Three time integration schemes and four finite volume interpolation schemes for the convection term in momentum equation were tested under turbulent planar gas jet and Sandia non-reacting vaporizing Spray-H cases. The three time integration schemes are the first-order Euler implicit scheme, the second-order backward scheme, and the second-order Crank-Nicolson scheme. The four spatial interpolation schemes are cubic central, linear central, upwind, and vanLeer schemes. Velocity magnitude contour, centerline and radial mean velocity and Reynolds stress profiles for the planar turbulent gas jet case, and fuel vapor contour and liquid and vapor penetrations for the Diesel spray case predicted by the different numerical schemes were compared. The sensitivity of the numerical schemes to mesh resolution was also investigated. The non-viscosity based dynamic structure subgrid model was used. The numerical tool used in this study was OpenFOAM.
Technical Paper

Evaluation and Validation of Large-Eddy-Simulation (LES) for Gas Jet and Sprays

Large-eddy simulation (LES) is a useful approach for the simulation of turbulent flow and combustion processes in internal combustion engines. This study employs the ANSYS Forte CFD package and explores several key and fundamental components of LES, namely, the subgrid-scale (SGS) turbulence models, the numerical schemes used to discretize the transport equations, and the computational mesh. The SGS turbulence models considered include the classic Smagorinsky model and a dynamic structure model. Two numerical schemes for momentum convection, quasi-second-order upwind (QSOU) and central difference (CD), were evaluated. The effects of different computational mesh sizes controlled by both fixed mesh refinement and a solution-adaptive mesh-refinement approach were studied and compared. The LES models are evaluated and validated against several flow configurations that are critical to engine flows, in particular, to fuel injection processes.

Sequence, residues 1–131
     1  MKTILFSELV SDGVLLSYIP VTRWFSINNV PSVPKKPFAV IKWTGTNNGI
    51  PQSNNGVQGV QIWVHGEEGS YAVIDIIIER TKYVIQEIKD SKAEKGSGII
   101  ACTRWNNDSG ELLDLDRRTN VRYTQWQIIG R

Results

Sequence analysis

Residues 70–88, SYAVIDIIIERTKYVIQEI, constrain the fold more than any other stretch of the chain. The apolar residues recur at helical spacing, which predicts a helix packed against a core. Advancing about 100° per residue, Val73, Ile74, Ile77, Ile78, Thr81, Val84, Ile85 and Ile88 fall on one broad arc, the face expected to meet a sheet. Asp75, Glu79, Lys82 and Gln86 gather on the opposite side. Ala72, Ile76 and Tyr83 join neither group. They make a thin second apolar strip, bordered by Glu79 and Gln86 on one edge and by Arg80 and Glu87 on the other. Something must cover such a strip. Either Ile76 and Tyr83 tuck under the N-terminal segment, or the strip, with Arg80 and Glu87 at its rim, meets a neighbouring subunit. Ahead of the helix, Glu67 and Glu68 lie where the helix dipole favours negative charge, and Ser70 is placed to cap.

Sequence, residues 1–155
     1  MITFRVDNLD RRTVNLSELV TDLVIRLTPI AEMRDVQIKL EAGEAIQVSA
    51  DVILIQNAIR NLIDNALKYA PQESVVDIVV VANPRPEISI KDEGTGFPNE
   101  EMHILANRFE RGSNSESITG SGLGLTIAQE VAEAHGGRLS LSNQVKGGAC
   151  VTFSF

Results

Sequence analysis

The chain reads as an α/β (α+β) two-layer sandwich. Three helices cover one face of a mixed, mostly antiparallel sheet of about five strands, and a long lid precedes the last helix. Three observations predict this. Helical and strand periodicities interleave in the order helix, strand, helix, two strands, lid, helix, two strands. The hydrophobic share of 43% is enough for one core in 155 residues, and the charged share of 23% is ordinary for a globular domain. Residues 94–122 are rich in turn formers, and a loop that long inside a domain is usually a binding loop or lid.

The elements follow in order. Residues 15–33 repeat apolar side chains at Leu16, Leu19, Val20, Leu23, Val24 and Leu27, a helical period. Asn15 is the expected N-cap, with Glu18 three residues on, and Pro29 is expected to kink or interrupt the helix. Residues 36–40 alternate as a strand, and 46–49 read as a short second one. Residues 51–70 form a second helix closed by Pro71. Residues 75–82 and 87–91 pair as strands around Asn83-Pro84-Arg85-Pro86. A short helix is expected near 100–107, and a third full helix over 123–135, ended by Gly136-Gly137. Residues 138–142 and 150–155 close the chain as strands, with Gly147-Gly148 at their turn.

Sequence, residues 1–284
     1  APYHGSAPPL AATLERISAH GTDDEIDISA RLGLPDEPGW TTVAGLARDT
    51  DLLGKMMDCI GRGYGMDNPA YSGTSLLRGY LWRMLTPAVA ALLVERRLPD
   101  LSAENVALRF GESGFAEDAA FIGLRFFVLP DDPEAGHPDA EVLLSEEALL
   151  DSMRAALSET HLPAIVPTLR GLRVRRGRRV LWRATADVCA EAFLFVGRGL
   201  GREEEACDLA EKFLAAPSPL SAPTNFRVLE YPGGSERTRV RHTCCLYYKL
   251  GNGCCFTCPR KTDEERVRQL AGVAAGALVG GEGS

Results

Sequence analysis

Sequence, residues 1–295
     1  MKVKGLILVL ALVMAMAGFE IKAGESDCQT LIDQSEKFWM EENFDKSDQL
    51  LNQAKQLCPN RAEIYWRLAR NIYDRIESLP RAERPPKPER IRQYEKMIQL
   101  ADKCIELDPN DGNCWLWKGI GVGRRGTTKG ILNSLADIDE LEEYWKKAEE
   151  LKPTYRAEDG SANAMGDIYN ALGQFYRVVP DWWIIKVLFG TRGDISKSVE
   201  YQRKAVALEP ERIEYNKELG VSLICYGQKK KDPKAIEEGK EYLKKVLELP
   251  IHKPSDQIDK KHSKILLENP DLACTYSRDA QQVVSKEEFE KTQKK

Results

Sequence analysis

Journal Article

Load Limit Extension in Pre-Mixed Compression Ignition Using a 2-Zone Combustion System

A novel 2-zone combustion system was examined at medium load operation consistent with loads in the light duty vehicle drive cycle (7.6 bar BMEP and 2600 rev/min). Pressure rise rate and noise can limit the part of the engine map where pre-mixed combustion strategies such as HCCI or RCCI can be used. The present 2-zone pistons have an axial projection that divides the near TDC volume into two regions (inner and outer) joined by a narrow communication channel defined by the squish height. Dividing the near TDC volume provides a means to prepare two fuel-air mixtures with different ignition characteristics. Depending on the fuel injection timing, the reactivity of the inner or outer volume can be raised to provide an ignition source for the fuel-air mixture in the other, less reactive volume. Multi-dimensional CFD modeling was used to design the 2-zone piston geometry examined in this study.